I could belabor the point, and probably have, but I could go on and on with examples like the above.

I am sure you have yourself witnessed some pretty bizarre behavior while dining out. But if any of you reading this have misbehaving little ones while dining out—please realize that you just might be ruining many other people’s night out on the town. One they have saved for. Maybe it is their first time to Pacific Grill or a special anniversary. A first date. A celebration…

So if you need to, please excuse yourself from the dining room for a few minutes until your little one stops crying. You would do no less in a crowded movie theatre that costs $9… wouldn’t you?

Well then, why not when out dining?

And for all the wonderful parents out there that bring your well-behaved little ones into Pacific Grill for dinner--I am not speaking to you! Keep bringing them.

I love turning children on to good food while they are young!


Anonymous said...

Amazing. Outrageous. Maybe I'm just lucky, but when introducing them to Tacoma restaurants, by expecting my kids to be no less than well-behaved, polite, and courteous, I have always been rewarded with such behavior. It's the way I was taught... Wait - maybe that's the problem. The parents of today were never expected to behave in such a civil way themselves (ie cell phone). A dumbing down of parents. I have heard that PG was family friendly and it's been on my list to come with the kids because I know if they behave as they should and will, they will be treated with respect. Don't lower the bar. Keep doing what you are doing. Hopefully these idiots won't ruin it for the rest of us. But dang it, they keep multiplying.
BTW, yo to Mike.

-Tacoma Dining Guy with 2 kids

Dr. J said...

Nice article. And well put. I have 2 children, and we've eaten at Pacific Grill (ages 5 and 8 at the time). A nice night out is just that. And not just for yourself, but for others. It's unfortunate that the parenting skills have declined, we see it in our business, where the parents let the child decide what they want. Children actually like helps them know where the boundaries are, and feel secure. The most ridiculous thing I've seen is parents deferring to their 3 year old when it comes to certain decisions. Keep up the good work, love the blog and the restaurant.

Steve Naccarato said...

I remember the kid coloring contest on the restaurant wall very well, as I was the one that asked the parents why they allowed this to happen. The child was seated between 2 adults, so not noticing the little nose-miner at work was not an adequate excuse. They were rude and defensive (suprise) when I asked them politely to please not allow Jr. to continue defacing the art filled walls. They threatened to never come back. My thoughts exactly madame!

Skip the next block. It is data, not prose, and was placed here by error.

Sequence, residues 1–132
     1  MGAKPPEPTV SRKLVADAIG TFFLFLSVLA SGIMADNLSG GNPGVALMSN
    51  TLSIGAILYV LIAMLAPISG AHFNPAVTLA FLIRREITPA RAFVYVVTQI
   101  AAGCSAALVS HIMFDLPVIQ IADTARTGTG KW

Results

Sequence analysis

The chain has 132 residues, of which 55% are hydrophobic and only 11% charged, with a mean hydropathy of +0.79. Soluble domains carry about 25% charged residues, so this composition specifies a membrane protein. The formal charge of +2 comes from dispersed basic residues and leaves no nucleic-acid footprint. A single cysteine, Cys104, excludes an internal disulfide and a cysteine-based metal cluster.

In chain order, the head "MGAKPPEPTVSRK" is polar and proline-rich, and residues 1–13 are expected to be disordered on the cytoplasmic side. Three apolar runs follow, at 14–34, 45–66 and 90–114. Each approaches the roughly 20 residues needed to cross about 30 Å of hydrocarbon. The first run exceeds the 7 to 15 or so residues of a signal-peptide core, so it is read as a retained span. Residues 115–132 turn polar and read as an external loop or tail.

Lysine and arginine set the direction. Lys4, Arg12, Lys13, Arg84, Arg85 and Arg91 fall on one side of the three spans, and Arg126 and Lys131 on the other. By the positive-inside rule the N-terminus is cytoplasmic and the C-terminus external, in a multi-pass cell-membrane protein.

Anonymous said...

Gordon, I couldn’t agree more. As a hairdresser for over twenty years I have to say that I experienced the exact same challenge with poorly disciplined parents.

It’s difficult because the parents are in fact oblivious.

Trying to do tedious and detailed work around flailing arms and legs and screaming fits is one thing. Trying to protect these children from serious danger is quite another.

I dare a guess that if your example of the attentive mother who allowed her child to interface with giant bottles of wine had found her child to be injured, would not hesitate to hang the responsibility firmly on your restaurant or your servers.

People people people. Make good decisions!

I also support your thinking about your other guests who may be paying a premium to leave the kids at home so that they can have that one lovely meal out for which they rarely have time. It is grossly unfair that any guest, client or customer should pay for the inconsideration of another. A visual or auditory or heaven forbid olfactory assault being tolerated is noticeable and leaves a “bad taste” in one’s mouth that is hard to shake.

When 97 percent of your guests know and practice common courtesy why should the 3 percent should be indulged?

Although I prefer to think it rare, there is such a thing as a bad customer.

Love you dear!

Anonymous said...

Children left running and unattended will be towed away.